And, the NTIA argues, that has already been seen in Scotland and Wales, where COVID Passport schemes are already in force.
The trade group’s CEO Michael Kill said last night: “We are disappointed that MPs have today voted into law COVID Passports for nightclubs. The NTIA have consistently opposed their introduction due to the many logistical challenges they pose for night time economy businesses, and what we have seen in Scotland and Wales where they have dampened trade by 30% and 26% respectively”.
“It is very disappointing that, after flip flopping on the issue twice, the government have decided to press ahead with the plans despite no evidence of their impact on transmission of the virus”, he added. “This is a slippery path we are going down. I would urge the government to listen to its backbenchers now – this far and no further”.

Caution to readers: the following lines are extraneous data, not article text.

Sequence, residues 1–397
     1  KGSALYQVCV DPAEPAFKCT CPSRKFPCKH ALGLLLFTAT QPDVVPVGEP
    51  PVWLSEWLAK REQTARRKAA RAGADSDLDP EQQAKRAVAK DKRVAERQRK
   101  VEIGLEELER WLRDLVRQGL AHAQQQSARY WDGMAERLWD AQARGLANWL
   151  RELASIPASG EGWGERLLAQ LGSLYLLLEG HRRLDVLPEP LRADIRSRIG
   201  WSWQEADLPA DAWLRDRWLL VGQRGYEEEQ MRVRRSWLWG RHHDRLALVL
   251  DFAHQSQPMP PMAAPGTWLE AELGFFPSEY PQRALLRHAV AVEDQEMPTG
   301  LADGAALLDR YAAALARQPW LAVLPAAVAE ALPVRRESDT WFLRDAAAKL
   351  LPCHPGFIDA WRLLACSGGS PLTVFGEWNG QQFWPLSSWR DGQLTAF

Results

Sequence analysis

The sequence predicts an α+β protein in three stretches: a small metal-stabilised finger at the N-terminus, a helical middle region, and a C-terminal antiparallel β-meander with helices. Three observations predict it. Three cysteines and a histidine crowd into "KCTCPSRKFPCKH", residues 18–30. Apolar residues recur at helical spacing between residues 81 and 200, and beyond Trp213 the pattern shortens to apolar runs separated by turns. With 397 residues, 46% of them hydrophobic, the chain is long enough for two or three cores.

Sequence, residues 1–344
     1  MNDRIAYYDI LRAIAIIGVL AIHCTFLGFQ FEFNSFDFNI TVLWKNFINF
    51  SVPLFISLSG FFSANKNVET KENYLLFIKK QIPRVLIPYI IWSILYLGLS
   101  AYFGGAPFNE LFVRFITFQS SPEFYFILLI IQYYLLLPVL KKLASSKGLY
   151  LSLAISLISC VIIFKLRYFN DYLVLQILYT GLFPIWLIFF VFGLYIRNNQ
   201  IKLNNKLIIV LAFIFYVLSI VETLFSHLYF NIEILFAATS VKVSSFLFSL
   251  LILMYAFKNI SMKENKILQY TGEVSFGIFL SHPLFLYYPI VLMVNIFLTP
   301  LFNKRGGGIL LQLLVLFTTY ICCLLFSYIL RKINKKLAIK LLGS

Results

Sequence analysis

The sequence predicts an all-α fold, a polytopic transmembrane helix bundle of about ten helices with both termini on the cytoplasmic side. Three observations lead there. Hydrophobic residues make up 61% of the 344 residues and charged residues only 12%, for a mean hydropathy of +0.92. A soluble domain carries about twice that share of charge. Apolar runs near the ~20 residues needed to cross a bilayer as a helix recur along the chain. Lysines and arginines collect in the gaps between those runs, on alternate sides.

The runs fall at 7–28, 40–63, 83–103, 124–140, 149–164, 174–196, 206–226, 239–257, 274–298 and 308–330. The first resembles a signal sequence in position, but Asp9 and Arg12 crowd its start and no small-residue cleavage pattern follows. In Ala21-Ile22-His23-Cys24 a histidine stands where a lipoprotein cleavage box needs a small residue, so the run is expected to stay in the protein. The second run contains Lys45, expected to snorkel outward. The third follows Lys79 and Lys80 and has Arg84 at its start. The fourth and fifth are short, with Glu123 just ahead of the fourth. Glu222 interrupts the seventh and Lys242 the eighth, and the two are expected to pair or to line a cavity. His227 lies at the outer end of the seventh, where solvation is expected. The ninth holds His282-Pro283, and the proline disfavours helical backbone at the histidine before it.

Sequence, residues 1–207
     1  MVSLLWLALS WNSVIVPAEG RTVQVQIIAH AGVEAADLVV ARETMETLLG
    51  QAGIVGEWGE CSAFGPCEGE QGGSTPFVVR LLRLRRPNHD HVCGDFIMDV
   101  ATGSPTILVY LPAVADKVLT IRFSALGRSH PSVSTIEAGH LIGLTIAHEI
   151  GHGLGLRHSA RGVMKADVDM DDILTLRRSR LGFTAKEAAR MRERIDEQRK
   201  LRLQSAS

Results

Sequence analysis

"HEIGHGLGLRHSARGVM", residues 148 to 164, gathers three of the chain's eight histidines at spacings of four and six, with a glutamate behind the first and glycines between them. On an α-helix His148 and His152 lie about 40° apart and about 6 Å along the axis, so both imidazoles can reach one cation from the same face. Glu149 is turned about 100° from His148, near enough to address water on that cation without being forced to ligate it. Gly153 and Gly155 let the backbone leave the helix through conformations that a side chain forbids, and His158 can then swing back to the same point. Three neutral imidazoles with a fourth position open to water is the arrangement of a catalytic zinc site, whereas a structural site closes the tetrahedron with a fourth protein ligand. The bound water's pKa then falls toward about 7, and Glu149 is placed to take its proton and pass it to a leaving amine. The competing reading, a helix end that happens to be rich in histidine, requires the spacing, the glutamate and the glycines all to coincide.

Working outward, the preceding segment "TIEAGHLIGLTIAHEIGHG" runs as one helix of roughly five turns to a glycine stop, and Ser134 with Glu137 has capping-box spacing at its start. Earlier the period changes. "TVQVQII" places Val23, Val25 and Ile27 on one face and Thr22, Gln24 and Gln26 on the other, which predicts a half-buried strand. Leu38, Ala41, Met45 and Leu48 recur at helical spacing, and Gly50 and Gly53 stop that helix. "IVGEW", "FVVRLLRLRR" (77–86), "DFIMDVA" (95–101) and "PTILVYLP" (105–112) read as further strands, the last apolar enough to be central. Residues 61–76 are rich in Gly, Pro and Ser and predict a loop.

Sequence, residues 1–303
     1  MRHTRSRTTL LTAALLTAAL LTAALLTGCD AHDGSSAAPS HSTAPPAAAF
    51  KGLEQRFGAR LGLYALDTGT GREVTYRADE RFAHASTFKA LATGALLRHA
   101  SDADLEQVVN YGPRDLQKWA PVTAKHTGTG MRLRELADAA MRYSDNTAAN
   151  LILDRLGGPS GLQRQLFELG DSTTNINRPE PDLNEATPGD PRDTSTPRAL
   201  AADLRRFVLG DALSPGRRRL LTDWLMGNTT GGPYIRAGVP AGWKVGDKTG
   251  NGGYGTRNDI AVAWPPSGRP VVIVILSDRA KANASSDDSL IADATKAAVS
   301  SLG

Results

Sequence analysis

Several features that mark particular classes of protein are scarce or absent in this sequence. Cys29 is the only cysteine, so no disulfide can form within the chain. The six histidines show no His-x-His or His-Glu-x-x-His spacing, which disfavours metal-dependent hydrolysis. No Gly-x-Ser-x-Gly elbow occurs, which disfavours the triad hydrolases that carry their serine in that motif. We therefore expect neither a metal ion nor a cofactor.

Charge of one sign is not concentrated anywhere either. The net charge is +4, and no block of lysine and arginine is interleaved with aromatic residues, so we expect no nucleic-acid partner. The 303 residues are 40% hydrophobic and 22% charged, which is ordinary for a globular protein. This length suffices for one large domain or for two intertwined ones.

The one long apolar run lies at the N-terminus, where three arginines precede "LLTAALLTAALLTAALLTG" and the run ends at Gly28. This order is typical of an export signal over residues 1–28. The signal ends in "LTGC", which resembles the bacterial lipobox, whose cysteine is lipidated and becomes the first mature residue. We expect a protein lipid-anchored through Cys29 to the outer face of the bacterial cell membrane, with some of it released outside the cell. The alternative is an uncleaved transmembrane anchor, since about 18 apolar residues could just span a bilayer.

In addition to the specific new rules, reps for the live music sector are also stressing that the rushed and confused communications that have been coming out of government since the omicron variant started to spread are causing as much – or possibly more – damage as the new regulations.
Not all venues in England will have to check COVID Passports. Although any venue or event classified as a nightclub will have to check for vaccine certificates and COVID tests, for gig venues the requirement kicks in at a 500 capacity for unseated venues and 10,000 for seated venues.
And, of course, some gig venues have already been requesting that customers show proof of vaccine or a negative COVID test since re-opening earlier this year.